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BUSTED: Republicans lashed out at Dems over congressional pay raises — as GOP leaders negotiated for one

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After agreeing to meet with Democratic leaders to discuss raising the pay of lawmakers, Republicans turned right around and sent out a fundraising email accusing their colleagues across the aisle of trying to cash in while Americans are hurting.

According to a report from Politico, House Minority Leader Kevin McCarthy (R-CA) and House Minority Whip Steve Scalise (R-LA) — who both think it is time to raise congressional pay — sat down with House Majority Leader Steny Hoyer (D -MD) to discuss making a change on Tuesday after McCarthy admitted on NBC in May that a raise was overdue.

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The report notes, “Both McCarthy and Scalise have cautiously embraced giving lawmakers a bump in their compensation. (The salary for House members has been at $174,000 since 2009 — which also freezes staff salary.) McCarthy told NBC in May that he is open to it, because it’s been a decade since Congress got a cost-of-living adjustment and lawmakers are leaving the job over the pay. Scalise has said ‘it ought to be looked at’ because Congress shouldn’t be a place where only wealthy people can afford to serve.”

Despite the meeting breaking up with plans to work out a proposal, the National Republican Congressional Committee fired off an email the next day criticizing the Democrats for even broaching the subject.

“After campaigning on a slogan of ‘for the people,’ the socialist Democrats have accomplished a whole lot of nothing 6 months into their majority. And as a reward for their incompetence, they want middle-class taxpayers to give them a $4,500 pay raise!” the mailer read. “Apparently making $174,000 a year, which is more than three times the average American’s salary, just isn’t enough for these socialist elitists. Between voting for the public to finance their campaigns, opposing middle-class tax cuts and pushing to give themselves raises, the socialist Democrats’ need to change their motto to ‘for the politicians.’”

The report notes that the NRCC email caught McCarthy and other GOP leaders by surprise since the Republican leader had already gone on record as saying a change was due, with a insider saying, “McCarthy and Hoyer each agreed in that meeting to take care of their own committees and make sure that if this went forward, neither side would attack each other. Less than 24 hours later, NRCC sent out that email slamming Democrats for doing it. So either McCarthy dropped the ball, or the NRCC dropped the ball.”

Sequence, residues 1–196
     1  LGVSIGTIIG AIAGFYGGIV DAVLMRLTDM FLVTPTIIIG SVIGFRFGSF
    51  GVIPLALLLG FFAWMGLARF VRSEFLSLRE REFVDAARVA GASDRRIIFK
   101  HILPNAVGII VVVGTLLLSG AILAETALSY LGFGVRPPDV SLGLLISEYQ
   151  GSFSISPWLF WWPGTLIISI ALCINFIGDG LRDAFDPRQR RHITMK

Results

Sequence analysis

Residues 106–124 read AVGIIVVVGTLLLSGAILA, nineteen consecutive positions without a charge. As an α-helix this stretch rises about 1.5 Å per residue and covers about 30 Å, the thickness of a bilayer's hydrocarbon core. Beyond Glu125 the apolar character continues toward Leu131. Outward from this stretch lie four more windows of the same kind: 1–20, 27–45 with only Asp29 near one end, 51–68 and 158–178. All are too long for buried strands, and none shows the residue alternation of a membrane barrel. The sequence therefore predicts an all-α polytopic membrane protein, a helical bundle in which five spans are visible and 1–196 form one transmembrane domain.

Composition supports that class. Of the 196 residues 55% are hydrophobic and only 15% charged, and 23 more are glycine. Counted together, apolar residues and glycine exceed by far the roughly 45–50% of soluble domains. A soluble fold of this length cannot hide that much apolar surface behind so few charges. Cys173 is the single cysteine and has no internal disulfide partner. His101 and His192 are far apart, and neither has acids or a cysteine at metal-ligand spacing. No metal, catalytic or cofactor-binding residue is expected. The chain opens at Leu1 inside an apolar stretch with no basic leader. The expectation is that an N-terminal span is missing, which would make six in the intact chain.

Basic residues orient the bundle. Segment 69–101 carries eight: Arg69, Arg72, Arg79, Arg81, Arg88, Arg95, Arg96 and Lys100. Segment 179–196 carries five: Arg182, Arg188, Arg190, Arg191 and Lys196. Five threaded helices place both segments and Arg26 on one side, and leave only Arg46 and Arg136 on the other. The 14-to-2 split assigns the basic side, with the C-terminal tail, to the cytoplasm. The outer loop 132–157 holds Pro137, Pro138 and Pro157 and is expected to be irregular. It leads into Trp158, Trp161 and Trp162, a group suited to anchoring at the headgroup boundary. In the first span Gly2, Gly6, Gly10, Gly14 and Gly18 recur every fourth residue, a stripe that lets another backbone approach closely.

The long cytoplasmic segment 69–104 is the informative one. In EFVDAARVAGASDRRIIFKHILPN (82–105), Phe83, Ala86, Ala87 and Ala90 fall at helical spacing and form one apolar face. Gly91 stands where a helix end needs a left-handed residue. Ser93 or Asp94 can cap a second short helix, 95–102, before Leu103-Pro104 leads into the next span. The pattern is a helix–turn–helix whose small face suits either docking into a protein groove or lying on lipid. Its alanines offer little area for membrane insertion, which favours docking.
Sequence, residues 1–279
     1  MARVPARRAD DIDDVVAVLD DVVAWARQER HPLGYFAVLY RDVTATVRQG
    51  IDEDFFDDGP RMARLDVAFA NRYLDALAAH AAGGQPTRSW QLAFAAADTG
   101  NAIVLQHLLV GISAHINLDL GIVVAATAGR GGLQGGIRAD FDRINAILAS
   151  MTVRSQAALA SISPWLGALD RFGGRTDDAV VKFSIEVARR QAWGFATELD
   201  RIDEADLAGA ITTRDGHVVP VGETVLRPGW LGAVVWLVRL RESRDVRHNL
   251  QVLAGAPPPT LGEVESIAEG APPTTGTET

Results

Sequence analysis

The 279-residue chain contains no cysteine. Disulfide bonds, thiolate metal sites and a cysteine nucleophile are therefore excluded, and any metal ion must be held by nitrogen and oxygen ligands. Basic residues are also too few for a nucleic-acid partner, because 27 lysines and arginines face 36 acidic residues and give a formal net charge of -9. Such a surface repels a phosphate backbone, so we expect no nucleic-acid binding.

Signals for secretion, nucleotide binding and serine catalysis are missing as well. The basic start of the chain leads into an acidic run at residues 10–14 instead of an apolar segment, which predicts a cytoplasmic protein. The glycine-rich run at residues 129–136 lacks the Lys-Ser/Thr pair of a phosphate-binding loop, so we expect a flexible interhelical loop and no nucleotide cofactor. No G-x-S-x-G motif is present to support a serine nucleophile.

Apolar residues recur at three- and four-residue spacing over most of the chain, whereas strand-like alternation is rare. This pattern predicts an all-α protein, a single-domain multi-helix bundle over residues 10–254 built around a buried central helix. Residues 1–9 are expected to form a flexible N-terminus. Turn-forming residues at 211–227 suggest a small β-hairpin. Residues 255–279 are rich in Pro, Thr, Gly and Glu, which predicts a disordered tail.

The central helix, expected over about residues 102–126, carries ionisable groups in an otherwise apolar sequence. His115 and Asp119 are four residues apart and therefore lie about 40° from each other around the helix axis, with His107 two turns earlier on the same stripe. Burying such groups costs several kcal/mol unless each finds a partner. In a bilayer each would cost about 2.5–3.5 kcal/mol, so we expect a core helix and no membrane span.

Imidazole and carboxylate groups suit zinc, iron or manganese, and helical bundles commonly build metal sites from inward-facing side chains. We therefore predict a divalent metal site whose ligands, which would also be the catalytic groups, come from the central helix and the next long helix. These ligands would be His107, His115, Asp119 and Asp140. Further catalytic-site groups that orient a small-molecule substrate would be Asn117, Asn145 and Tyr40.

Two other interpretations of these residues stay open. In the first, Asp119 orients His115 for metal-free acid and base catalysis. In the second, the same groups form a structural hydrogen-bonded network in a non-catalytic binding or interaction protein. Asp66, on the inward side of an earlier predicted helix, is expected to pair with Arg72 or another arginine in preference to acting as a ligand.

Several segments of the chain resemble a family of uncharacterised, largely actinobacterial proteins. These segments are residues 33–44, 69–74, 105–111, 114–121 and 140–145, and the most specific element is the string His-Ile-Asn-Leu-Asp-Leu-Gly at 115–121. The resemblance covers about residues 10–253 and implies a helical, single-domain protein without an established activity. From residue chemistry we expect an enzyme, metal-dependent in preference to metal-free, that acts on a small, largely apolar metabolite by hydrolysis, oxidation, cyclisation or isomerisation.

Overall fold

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2020 Election

Beto O’Rourke has run out of f**ks to give — and we’re here for it

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Beto O'Rourke is no longer a serious contender, but he might be able to teach his party how not to live in fear

Beto O'Rourke, the former congressman from Texas who is now a Democratic presidential candidate, has been titillating the schoolmarms of the American press corps by saying naughty words. He let an F-bomb fly while dressing down the media for pretending that it was debatable whether Donald Trump was responsible for inspiring the mass shooting in El Paso, O'Rourke's hometown. He let loose another one in response to another mass shooting in the Midland-Odessa area,  which is relatively nearby by Texas standards.

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2020 Election

Beto O’Rourke’s plan to legalize marijuana includes clemency for possession sentences and grants for those who already served time

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For his latest policy proposal, the Democratic presidential candidate returns to a cause he has championed since his days on the El Paso City Council.

Democratic presidential candidate Beto O'Rourke on Thursday morning released a marijuana legalization plan that calls for clemency for everyone currently serving sentences for possession.

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2020 Election

Beto O’Rourke’s call for mandatory buyback of assault weapons roils Texas politics

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The Democratic presidential candidate's proposal has upended the gun debate nationwide, but perhaps nowhere more dramatically than in Texas. It's here that both parties are facing internal divisions as they work to respond to recent shootings in El Paso and Odessa.

Beto O'Rourke may not be running for statewide office anymore, but it's been difficult to tell in recent days.

The Democratic presidential candidate's aggressive push for mandatory buybacks for assault weapons has upended the gun debate nationwide, but perhaps nowhere more dramatically than in Texas, where both parties are grappling with internal divisions of varying degrees as they react to recent mass shootings in El Paso and Odessa. For Republicans, O'Rourke has proven a unifying foil as they fracture over whether to expand background checks. For Democrats, his proposal represents something of a new litmus test that is already reverberating down ballot.

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